Sunday, February 1, 2009

More Chlorine in the Meme Pool, Please

A comment at a blog that I read got me thinking - The subject was the Octuplet mom and the reaction from folks on both sides of the aisle. One of the comments suggested that we need to pay attention to the "meme pool."

Meme's are a relatively new method of examining the propagation of culture. Because they are new there is some controversy regarding them. Similar to the level of controversy that accompanied Mendel's discovery of genes, or Galileo's discovery of moons around Saturn and Jupiter. The controversy does not prevent us from using them as a working theory.

As one of the few species that has been shown to transmit memes it pays us to look at the way in which it has been institutionalized. Principly this has been done the education industry, yet we don't seem to be as concerned with the selection of those who select the memes. We have by and large ceded that task to the professional educators, and then at most grumbled about the outcome.

One of the most popular memes put out by the education industry is that quality of education is directly related to the money spent on education. Interestingly when the proposition is tested even allowing for outside influences the relationship does not hold. Yet our public policy makers, and the infrastructure for education at all levels treat this as a valid relationship.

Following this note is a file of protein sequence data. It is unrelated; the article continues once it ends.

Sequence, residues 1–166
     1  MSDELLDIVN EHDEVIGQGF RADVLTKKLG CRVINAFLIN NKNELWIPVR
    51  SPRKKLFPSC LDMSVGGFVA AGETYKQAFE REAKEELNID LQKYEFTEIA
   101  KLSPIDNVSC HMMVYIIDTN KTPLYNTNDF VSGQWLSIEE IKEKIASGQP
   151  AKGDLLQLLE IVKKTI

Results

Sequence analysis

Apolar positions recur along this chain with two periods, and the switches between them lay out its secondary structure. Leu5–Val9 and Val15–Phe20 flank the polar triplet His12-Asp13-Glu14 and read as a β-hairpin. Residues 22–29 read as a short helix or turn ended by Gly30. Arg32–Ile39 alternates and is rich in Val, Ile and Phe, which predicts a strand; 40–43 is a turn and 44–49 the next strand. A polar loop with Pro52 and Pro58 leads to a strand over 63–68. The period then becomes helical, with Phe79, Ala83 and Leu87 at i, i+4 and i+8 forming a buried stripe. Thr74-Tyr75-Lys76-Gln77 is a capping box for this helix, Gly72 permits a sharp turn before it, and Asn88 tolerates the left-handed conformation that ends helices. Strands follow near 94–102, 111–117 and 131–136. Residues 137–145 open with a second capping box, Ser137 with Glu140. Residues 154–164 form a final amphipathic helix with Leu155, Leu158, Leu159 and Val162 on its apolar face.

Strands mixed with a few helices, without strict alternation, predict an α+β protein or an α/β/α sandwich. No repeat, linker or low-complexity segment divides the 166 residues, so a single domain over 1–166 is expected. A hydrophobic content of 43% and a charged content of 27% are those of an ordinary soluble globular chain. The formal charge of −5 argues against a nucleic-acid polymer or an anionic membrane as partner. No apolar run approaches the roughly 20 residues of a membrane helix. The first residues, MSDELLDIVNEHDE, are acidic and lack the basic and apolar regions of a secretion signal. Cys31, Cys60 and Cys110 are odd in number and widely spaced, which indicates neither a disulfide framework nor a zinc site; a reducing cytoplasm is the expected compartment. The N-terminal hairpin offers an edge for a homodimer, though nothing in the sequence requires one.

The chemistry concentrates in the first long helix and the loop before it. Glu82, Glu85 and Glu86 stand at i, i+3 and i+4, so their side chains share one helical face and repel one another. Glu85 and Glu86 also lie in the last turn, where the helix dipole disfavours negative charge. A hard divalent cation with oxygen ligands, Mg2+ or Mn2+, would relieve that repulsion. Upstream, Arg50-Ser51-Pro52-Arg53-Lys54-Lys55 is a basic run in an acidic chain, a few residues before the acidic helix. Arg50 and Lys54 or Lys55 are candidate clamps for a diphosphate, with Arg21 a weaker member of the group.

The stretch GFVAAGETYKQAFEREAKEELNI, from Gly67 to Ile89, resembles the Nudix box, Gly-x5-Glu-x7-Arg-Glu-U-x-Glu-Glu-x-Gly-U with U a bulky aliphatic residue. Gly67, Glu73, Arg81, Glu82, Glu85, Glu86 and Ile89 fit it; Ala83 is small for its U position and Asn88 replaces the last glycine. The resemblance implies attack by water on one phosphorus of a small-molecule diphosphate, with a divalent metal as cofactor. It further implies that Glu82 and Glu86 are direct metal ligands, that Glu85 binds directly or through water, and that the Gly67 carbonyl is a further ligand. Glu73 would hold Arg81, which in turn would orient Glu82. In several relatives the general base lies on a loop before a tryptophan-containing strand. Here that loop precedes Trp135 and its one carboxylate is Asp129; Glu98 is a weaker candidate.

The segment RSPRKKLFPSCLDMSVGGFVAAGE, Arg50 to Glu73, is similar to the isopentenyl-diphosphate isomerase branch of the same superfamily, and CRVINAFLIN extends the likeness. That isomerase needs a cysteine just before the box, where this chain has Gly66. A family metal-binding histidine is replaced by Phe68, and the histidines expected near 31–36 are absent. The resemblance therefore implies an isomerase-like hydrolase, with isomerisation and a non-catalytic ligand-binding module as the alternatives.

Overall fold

Given the complemntary truisms:
If you do what you always did, you'll get what you always got


Insanity is doing the same thing the same way and expecting different results.

It may be time for the average man on the street to pay more attention to disinfecting the meme pool. Many will say, that it isn't their problem because they don't have kids; their kids are grown; or they just don't care. Sadly this is not the case as the quality of education affects our coworkers, our bosses, and our politicians. One of the best summaries of the problems in society was written in 1899 by author, iconoclast and businessman Elbert Hubbard, A Message to Garcia is a classic of American Literature, and to this day is studied by the cadets of Anapolis, West Point, and Colorado Springs as part of the character development curiculuum.

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